Traditionally, commercial banks made a profit by lending depositors’ money to borrowers at greater interest than they pay to the depositors. Today, they make most of their profit through investment transactions, commissions, penalties and an ever-growing list of customer user fees.

Credit unions pledge to put customer service before profit motive. They are structured just like banks except their boards of directors are typically made up of volunteers elected by the membership. Banks offers their services to the world at large; credit unions offer services only to those meeting eligibility requirements. You may qualify to join a CU because of your employer, your industry, a union or guild membership, a family member who has obtained membership, or even your home address.

Virtues and Vices of Scale. Now large banks have some clear advantages due to their scale. They offer many ATMs (some in foreign nations) and their branches are plentiful. They have many product offerings, and mortgage rates may be lower than at a CU. Sometimes, the large banks pay you cash bonuses just to sign up for products, like checking accounts with direct deposit.

Many credit unions offer better interest rates on checking, savings and money market accounts, and on long-term certificates of deposit. Fees on credit cards and terms on auto loans typically are much better, too.

However, many credit unions may not offer you the same array of services and products that you find at a big bank, and some still have only one or two branches. On the other hand, with the expansion of credit union networks, regional and nationwide access to money has really improved for CU members.2

Besides big banks and the credit unions, there is another option for you – community banks. Of all U.S. banks, 91% have assets under $1 billion and 34% under $100 million.3 The community banks are like credit unions, owned by depositors, yet like big banks they are a for-profit business.

A combined network, called Kasasa, of 128 community banks and credit unions across 35 states pooled their advertising and marketing resources and offer more competitive products to their customers.

Usually, community bankers are involved in community affairs, live in the areas that they serve, and see themselves as a part of the community. They also have a conservative management and investment philosophy, which explains why fewer of them needed federal bailout money. These banks can be particularly effective for small businesses: Lending decisions are made locally by people who know the community and its business climate. Lending criteria often consider character factors, as well as financial.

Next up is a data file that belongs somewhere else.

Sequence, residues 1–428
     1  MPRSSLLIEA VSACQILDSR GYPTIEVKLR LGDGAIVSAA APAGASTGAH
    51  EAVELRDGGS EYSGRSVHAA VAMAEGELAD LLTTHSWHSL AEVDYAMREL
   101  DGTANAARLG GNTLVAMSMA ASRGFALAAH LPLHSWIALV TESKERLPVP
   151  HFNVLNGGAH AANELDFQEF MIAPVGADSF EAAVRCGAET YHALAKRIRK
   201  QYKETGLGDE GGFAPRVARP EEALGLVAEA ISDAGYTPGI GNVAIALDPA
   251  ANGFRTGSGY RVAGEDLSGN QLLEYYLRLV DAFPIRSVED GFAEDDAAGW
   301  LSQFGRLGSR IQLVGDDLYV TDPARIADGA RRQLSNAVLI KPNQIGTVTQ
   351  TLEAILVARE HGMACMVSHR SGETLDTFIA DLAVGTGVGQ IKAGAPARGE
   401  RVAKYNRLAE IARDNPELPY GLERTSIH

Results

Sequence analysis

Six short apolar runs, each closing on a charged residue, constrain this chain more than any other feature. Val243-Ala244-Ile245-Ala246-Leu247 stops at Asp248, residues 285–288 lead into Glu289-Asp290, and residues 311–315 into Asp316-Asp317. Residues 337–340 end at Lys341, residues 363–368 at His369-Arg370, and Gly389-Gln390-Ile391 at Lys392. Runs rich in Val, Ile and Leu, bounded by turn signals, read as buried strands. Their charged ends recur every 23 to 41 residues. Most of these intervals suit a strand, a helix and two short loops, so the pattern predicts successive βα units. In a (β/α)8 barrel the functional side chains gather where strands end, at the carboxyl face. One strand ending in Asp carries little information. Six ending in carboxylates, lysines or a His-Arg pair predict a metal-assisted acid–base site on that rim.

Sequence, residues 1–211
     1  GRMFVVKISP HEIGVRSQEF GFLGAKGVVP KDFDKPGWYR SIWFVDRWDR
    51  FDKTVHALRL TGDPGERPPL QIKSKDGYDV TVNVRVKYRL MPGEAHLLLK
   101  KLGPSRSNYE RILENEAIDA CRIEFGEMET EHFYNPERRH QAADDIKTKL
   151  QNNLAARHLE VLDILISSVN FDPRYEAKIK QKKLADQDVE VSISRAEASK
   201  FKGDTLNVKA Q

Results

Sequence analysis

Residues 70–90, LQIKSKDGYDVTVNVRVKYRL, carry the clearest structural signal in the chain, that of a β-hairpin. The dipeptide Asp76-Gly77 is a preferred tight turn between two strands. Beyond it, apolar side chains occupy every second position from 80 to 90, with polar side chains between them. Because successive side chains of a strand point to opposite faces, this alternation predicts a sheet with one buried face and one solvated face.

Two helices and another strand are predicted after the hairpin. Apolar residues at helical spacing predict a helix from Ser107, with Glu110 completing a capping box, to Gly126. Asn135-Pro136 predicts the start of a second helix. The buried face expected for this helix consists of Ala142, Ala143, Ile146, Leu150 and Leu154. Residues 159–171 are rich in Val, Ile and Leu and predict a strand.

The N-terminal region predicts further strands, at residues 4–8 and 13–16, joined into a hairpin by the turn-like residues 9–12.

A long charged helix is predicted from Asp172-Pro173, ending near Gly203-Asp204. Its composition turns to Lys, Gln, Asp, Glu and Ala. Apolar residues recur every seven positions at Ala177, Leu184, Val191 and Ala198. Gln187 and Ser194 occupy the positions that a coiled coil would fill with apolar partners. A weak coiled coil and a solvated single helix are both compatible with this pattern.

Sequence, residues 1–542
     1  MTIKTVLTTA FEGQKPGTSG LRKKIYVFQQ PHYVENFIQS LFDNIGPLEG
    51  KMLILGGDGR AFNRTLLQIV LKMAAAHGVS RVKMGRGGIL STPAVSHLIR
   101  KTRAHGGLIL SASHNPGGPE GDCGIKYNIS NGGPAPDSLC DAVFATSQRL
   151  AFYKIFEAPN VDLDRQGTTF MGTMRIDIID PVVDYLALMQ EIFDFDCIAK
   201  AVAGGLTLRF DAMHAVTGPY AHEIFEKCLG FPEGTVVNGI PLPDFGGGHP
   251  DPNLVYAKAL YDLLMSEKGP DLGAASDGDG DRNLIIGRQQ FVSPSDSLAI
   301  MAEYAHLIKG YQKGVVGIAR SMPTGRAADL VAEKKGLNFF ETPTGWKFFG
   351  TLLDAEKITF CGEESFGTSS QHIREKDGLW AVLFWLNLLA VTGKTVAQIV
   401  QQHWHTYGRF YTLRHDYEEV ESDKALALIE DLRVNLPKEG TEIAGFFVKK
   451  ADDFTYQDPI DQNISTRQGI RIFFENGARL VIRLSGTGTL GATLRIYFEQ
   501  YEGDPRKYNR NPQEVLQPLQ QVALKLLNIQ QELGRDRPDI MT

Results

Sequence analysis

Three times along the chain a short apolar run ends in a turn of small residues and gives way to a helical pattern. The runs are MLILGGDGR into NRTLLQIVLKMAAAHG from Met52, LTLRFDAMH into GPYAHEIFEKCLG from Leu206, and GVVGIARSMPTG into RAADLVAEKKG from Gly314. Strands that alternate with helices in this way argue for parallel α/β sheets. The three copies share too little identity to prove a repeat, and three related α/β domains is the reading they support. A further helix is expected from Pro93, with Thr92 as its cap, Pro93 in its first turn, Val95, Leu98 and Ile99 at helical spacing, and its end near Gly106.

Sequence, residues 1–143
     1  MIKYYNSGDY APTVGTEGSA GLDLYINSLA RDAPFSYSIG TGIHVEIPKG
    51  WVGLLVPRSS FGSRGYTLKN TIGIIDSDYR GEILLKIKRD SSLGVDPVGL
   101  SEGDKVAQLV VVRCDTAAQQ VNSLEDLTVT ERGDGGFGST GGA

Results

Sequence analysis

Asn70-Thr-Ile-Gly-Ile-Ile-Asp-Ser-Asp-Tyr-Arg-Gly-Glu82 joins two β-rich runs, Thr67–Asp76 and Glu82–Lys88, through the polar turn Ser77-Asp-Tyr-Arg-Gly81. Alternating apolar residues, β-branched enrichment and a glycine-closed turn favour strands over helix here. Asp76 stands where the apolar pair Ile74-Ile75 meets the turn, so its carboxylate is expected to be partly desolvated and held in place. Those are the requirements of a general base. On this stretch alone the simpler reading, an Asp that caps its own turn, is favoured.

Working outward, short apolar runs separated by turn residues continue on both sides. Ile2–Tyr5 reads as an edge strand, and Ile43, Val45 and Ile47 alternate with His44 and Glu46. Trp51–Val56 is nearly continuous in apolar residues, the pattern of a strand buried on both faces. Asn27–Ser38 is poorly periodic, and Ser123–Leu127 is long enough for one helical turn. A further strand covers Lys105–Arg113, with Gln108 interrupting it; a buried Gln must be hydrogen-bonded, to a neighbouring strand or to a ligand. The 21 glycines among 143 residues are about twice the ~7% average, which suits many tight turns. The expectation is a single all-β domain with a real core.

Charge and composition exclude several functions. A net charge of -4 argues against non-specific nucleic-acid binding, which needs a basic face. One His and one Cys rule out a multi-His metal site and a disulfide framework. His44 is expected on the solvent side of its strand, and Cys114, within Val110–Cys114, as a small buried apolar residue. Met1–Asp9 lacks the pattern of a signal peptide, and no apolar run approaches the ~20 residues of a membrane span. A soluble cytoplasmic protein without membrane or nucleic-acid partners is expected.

Big banks’ fee mania. Fees are out of hand. Big banks commonly charge $2 to $3 for foreign ATM withdrawals, which is basically 5% to get $40 out of the ATM. Big banks now charge account “maintenance” fees largely because they can. After the financial collapse, they are searching to replace lost profits. But maintaining your account is no more costly today for a big bank than it was five years ago.

Then come fees for not making minimum balance requirements. Many lenders hit you with a monthly charge in the range of $5 to $20 if your savings or checking account diminishes below a set dollar amount.

Next, overdraft fees and returned items fees of $20 to $40, which are penalties when you overdraw your account, or leave it overdrawn for a period of time.

When you apply for a mortgage or a business loan, there may be a loan origination fee or “processing fee” of $20 to $100 involved.

Need to check a deceased account holder’s balance? Make copies of deposit slips? Set up online banking? Obtain a reference letter pursuant to an international visa application? You name it, there’s typically a “service fee” for it at a big bank.

A big bank’s investment division may be modeled on a full-service brokerage, with commissions and fees exceeding those of discount brokers.

The good news is that you may be able to dodge some of these fees. Just about any bank will still give you free checking if you sign up for additional services such as a direct deposit arrangement. Many online banks will actually reimburse you for ATM fees. Finally, perhaps the best thing about credit unions is that they haven’t yet dreamed up fees for everything on earth.4


1 – [6/22/12]

2 – [3/5/12]

3 – ICBA article, “CB Facts”

4 – [10/3/11]